Meanwhile, the New York Botanical Garden has dedicated its first researchers and a team of digitization experts to lay the groundwork for the system. Melissa Tulig leads the information team at the herbarium of the New York Botanical Garden. Her task is to covert a 110-volume set of heavy and expensive monographs published by the New York Botanical Garden Press into a searchable online database.
“Most of the current information, you can't readily get to -- especially if you're from a developing country,” Tulig says. "That's what we're trying to fix." Right now, the books are only available to researchers at universities or through JSTOR, an online database that requires a subscription fee.
Thomas appreciates the magnitude of the task of bringing the world’s plant species online because he can barely keep up with the stacks of manila folders filled with potentially new species on his desk. Never mind that there is a large metal file cabinet next to his office filled with more samples. In fact, each specialist at the Garden has four or five cabinets with his or her name scrawled across the front, filled with samples waiting to be reviewed.
And that’s only the start. Downstairs, a chamber called the “cold room” is lined with roughly 100,000 plant specimens in stacks of manila folders tied together with twine. All these samples have been mailed to the Garden over the years and are just waiting for a specialist to take a look. They are arranged on shelves in accordance with which plant group they belong to. Handwritten labels denote the date on which they were first received – as early as the 1980s in some cases.
Many of these specimens are eventually identified. Once a specialist determines the proper name for a sample, it is sent off to a mounting room to be delicately glued or – for samples with thick bark that won’t adhere easily – carefully sewn onto a piece of thick paper.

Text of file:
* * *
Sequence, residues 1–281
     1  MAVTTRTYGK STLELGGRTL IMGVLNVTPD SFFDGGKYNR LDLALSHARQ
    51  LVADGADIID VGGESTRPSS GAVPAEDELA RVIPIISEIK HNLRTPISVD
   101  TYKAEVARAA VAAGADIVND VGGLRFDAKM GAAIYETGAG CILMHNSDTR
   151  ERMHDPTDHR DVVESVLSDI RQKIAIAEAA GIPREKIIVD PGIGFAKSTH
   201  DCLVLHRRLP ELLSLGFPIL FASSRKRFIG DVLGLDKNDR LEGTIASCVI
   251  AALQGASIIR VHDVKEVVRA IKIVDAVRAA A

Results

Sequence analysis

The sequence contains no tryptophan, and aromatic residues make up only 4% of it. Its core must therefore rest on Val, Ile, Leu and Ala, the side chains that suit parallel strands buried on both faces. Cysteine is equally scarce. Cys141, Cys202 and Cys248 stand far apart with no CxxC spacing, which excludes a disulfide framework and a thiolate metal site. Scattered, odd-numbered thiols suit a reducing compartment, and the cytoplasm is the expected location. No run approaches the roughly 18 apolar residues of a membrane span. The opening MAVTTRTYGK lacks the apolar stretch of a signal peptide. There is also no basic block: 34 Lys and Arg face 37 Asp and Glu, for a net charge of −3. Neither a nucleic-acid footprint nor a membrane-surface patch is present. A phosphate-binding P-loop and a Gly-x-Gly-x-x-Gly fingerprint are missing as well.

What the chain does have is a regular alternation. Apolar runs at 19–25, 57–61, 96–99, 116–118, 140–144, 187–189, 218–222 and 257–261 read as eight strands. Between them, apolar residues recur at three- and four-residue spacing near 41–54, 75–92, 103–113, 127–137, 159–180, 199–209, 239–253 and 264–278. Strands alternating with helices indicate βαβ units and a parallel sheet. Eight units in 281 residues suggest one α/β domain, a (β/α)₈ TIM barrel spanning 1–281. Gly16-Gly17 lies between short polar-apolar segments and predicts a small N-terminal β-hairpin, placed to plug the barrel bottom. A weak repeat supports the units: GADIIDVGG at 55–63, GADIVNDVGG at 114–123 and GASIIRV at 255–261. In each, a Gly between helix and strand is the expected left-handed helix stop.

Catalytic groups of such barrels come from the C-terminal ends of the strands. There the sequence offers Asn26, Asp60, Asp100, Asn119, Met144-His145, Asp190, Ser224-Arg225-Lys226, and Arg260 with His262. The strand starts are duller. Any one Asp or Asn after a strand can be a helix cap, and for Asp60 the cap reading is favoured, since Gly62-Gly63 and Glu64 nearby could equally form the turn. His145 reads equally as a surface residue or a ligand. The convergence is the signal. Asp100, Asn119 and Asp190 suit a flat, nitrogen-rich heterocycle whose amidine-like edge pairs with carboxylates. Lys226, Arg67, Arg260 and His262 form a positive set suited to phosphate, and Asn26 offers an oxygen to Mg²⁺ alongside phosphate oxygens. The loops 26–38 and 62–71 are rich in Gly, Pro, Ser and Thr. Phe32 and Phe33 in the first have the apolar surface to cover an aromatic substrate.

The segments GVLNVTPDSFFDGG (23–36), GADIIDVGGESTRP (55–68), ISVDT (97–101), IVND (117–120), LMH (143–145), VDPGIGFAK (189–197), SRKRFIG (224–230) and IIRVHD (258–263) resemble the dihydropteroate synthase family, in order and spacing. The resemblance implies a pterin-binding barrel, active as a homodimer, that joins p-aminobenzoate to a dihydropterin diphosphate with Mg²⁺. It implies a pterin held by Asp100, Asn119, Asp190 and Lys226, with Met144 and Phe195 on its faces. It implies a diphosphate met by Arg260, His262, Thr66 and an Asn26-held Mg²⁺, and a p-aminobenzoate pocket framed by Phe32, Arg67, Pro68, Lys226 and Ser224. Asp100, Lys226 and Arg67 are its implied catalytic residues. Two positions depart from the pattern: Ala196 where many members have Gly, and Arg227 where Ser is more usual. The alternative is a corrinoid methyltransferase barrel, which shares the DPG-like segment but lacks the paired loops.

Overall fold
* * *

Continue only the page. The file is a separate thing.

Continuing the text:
Then, the mounted samples are placed back in manila folders and transferred to a small staff of imaging experts. This team uses a converted lightbox originally intended to take close-ups of rings and necklaces for online jewelry sellers to snap a photo of the specimen. Next, the samples go to the herbarium where they are filed alongside other members of their genus.
The William and Lynda Steere Herbarium at the New York Botanical Garden is filled with 7.4 million samples, including many repeats of the same species. Some are from Captain Cook’s original voyages in the late 1700s. Others are designated as “type specimens,” which means that their characteristics have been used to write the textbook definition for an entire species. Tulig says each of these records will eventually be uploaded to World Flora Online.
But converting more than a hundred monographs and millions of herbarium records to a digital database is no easy task. The oldest monographs printed in the 1960s and 1970s were produced on a typewriter, so there is no original digital file for Tulig's team to refer back to. The group must also assign metadata such as keywords and tags to each entry that matches the metadata entered by other botanical gardens, which are uploading their own records.
Thomas says the recent contributions from Google and the Sloan Foundation have given the team a running start, but he says the New York Botanical Garden still needs over $2 million to do the basic work of digitizing their data, and will continue to raise money to add additional features after the database is live. The other three major partners are also fundraising about the same amount, and seeking a total of roughly $8 million for the project. The consortium has a stated goal of launching the first version of World Flora Online in 2020.